Poison ivy is a rash that’s caused by urushiol, an oily resin found in the leaves, stems and roots of poison ivy, poison oak and poison sumac. For many, contact with these plants causes an allergic reaction that results in intense itching, redness, blisters and swelling of the skin. Difficulty breathing can be experienced if you’ve inhaled smoke from poison ivy that is being burned.
Scratching a poison ivy rash may cause the skin to become infected. If pus starts oozing from the blisters, it is time to seek treatment, which generally includes antibiotics. Blister fluid doesn’t contain urushiol, so scratching won’t spread the rash as commonly believed. In addition, you won’t get poison ivy from someone else unless that person still has urushiol on their body or clothing and you touch the oily resin.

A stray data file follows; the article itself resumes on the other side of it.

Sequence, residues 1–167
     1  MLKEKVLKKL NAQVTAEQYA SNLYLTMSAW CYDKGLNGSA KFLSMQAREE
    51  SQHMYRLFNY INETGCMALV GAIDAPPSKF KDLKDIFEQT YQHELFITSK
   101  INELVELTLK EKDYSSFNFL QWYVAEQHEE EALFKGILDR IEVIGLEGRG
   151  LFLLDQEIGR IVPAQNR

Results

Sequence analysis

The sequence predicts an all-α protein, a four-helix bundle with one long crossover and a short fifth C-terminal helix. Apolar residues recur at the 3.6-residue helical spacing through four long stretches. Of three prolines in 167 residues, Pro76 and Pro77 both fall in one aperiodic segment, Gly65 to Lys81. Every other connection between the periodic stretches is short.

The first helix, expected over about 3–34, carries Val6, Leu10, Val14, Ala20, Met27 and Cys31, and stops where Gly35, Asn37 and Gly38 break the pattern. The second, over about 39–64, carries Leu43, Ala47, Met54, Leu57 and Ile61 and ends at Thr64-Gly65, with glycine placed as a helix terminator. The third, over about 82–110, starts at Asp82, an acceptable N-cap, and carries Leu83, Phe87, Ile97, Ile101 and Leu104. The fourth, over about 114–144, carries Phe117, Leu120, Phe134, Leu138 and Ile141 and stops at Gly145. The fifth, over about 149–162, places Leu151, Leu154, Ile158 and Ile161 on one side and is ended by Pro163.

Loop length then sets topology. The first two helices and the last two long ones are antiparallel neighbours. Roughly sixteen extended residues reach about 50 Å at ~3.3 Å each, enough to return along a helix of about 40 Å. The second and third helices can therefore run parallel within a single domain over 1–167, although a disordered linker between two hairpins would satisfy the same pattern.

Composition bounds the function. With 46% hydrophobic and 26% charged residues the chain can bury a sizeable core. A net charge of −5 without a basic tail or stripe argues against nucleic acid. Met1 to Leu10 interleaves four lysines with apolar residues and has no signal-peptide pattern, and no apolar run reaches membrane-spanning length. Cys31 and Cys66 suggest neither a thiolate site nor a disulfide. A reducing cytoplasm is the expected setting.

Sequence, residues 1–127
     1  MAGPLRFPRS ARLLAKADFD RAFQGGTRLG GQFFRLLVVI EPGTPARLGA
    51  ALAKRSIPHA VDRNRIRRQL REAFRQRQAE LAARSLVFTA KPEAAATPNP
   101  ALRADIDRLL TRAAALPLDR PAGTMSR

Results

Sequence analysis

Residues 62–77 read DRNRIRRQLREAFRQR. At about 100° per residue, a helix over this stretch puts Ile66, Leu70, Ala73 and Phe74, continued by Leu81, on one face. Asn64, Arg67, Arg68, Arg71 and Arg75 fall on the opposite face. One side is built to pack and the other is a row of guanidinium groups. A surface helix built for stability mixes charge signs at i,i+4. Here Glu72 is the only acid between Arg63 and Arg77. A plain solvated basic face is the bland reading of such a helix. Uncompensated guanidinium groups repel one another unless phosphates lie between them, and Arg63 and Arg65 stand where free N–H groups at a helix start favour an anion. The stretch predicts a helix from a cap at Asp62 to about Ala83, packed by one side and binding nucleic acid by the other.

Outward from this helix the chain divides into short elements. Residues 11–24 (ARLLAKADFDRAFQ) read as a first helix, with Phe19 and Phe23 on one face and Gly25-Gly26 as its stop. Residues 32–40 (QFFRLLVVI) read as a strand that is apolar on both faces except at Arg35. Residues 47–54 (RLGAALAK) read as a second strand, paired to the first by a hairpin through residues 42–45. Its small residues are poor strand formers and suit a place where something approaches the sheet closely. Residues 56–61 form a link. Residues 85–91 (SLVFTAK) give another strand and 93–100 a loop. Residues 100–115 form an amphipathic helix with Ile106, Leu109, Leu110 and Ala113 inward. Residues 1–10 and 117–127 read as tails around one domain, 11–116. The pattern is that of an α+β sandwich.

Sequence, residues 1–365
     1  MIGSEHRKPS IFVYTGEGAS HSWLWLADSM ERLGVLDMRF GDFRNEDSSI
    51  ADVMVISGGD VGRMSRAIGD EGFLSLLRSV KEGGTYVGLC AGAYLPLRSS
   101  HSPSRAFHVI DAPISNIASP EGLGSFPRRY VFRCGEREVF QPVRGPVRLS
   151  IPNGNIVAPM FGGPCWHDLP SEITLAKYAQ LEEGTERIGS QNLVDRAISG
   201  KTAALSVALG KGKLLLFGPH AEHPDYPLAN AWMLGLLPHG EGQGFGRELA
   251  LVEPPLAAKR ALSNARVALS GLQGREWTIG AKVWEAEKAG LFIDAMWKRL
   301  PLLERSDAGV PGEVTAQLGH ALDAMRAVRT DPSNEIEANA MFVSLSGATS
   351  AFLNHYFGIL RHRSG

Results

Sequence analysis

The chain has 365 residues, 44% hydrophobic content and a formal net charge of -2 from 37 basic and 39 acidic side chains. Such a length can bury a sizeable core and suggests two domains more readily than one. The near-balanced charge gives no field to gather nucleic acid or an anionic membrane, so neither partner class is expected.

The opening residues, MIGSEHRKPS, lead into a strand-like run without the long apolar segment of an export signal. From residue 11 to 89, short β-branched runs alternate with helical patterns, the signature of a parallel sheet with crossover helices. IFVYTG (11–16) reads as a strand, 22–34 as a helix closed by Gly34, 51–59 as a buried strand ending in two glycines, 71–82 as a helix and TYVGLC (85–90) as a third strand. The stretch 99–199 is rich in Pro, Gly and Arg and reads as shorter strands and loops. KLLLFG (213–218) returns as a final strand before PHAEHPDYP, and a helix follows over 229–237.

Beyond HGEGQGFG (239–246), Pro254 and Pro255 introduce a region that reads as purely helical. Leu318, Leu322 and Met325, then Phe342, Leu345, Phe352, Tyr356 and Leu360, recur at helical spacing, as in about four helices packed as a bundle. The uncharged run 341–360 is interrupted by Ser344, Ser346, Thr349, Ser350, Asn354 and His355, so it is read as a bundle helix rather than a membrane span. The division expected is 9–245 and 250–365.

If you come into contact with poison ivy or another plant producing urushiol, wash your skin right away. The symptoms usually don’t appear until 12 to 48 hours after you have come in contact with the plant and can last two to three weeks.
Diagnosis & Treatment
Mild cases of poison ivy can often be treated at home with self-care methods such as lotions and cool baths. The rash will usually go away on its own in two to three weeks. If the rash is extensive or includes a large number of blisters, an oral corticosteroid may be prescribed. If the rash site develops a bacterial infection, a prescription for an oral antibiotic may be needed. Sugar Land Physicians clinicians will be able to provide the right treatment to help you become healthy.